Academic journal article Demographic Research

Non-Marital Pregnancy and the Second Demographic Transition in Australia in Historical Perspective

Academic journal article Demographic Research

Non-Marital Pregnancy and the Second Demographic Transition in Australia in Historical Perspective

Article excerpt

1. Introduction

In the first English language exposition of the second demographic transition, van de Kaa (1987: p. 7) highlighted an associated -large change in norms and attitudes" in Western Europe between the mid-1960s and the mid-1980s. This signalled rapid adoption of a much more individualistic outlook on life, and was illustrated using survey data for the Netherlands. Among the attitude changes van de Kaa demonstrated were huge increases over periods of less than a decade to a decade and a half in acceptance of sexual relations between couples who intended to marry and between a girl and a boy she -likes a lot", and in acceptance of voluntary childlessness, divorce with children still at home, mothers of school-age children working, homosexuality, cohabitation with no intent to marry, and living apart together. There had also been a marked decline in the belief that married people were generally happier than single people.

These sorts of attitude changes, variously also labelled -reflexive modernization" (Beck, Giddens, and Lash 1994) and -social liberalism" (McDonald 2006), were occurring simultaneously in numerous developed countries including Australia (Carmichael 1998), and found expression in a variety of demographic indices. In this paper the focus is on trends in a range of measures pertaining to non-marital pregnancy and childbearing. They derive from data available for Australia since 1908 that tabulate annually (i) non-marital confinements yielding live births by age of mother and (ii) marital first confinements yielding live births by duration of marriage and age of mother. The latter data break duration down in months for the first year of marriage, allowing marital confinements following non-marital conceptions to be estimated (as the number of confinements within eight months of marriage). Together, the two sets of data facilitate a focus not just on non-marital fertility but also on childbearing (non- marital or marital) resulting from non-marital sexual activity.

It should be noted that, because of the practice historically of Australian birth registration forms (each State and Territory has its own) seeking information only on previous children of the current marriage (Carmichael 1986), and later of the current relationship (Corr and Kippen 2006), some -marital first confinements" may actually have been preceded by non-marital births to other men and/or, for women pregnant at remarriage, by marital births to a previous spouse. Despite pressure from the Australian Bureau of Statistics (ABS) for parity data to reflect all previous children of the mother, the second and third largest States, Victoria and Queensland, continue to resist. The key issue is sensitivity - whether a married woman should be expected to disclose a previous birth her husband may be unaware of. Changes in other States and Territories are reflected in published data only since 2007, so this issue affects almost all data used here. Setting it aside, however, as something that can be acknowledged but not resolved, as the data described are available from 1908, trends over slightly more than a century will be examined. Emphasis will be placed on the more recent ones that spectacularly exemplify Australia's second demographic transition.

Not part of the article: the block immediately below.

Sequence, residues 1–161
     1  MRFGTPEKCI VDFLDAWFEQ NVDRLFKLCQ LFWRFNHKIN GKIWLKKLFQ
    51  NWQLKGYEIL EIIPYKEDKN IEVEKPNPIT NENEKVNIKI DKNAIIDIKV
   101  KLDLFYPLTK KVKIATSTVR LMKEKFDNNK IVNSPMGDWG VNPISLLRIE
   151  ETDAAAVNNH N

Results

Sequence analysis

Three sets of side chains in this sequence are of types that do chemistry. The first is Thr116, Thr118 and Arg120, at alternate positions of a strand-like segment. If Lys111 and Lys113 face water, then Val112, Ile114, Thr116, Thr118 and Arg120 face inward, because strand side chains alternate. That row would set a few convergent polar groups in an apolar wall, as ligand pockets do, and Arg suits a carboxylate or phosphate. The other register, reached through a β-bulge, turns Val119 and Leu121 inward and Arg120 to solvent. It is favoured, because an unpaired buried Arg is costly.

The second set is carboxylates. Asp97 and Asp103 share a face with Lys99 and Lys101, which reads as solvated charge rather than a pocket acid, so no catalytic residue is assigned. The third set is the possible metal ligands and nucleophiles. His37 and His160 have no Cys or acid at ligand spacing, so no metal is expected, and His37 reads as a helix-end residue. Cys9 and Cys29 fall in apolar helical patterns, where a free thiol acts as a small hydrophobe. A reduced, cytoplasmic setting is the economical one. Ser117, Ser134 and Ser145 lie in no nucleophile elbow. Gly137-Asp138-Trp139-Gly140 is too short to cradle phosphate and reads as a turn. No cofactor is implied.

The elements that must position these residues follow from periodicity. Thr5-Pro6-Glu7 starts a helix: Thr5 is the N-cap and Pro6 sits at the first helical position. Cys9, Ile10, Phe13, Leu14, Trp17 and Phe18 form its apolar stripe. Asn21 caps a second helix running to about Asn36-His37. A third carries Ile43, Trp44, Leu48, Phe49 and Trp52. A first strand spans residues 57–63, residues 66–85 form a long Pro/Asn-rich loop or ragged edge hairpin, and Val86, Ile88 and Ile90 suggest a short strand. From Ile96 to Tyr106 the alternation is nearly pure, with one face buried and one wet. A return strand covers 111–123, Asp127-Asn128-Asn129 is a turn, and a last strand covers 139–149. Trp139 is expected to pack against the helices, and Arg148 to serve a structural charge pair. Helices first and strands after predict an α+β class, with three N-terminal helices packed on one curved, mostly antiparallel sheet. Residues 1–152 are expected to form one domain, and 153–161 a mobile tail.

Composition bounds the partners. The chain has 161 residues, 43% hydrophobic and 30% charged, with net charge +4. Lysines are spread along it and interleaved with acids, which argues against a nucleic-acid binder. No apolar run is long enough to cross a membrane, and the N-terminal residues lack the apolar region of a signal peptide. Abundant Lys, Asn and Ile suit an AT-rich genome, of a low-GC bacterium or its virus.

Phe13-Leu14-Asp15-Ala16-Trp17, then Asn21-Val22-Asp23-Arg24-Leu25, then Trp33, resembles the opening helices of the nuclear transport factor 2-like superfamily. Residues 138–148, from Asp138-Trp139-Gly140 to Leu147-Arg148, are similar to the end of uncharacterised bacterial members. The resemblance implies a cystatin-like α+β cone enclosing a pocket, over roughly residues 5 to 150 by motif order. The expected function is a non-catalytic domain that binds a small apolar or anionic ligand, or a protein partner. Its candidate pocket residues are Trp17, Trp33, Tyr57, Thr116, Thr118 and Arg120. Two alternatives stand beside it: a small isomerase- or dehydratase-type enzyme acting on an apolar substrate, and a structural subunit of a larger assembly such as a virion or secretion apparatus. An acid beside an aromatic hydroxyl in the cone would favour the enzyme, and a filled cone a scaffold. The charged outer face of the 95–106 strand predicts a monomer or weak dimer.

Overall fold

Several scholars have previously examined non-marital fertility and/or pregnancy trends in Australia. The major stimulus to research was the post-war development of a sexual revolution that during the 1950s and 1960s pitched successive youth cohorts into ever earlier marriages and saw non-marital fertility rates among adolescents and young adults rise rapidly (Basavarajappa 1968; Spencer 1969; Ruzicka 1975, 1976, 1977; Refshauge 1982; Carmichael 1996). The latter trend, aided by practices now widely condemned and the subject, during 2010-2013, of a spate of formal apologies from State and Territory Governments, religious denominations, and the Federal Government (Graham 2012; Gillard 2013), provided a growing supply of children for adoption. …

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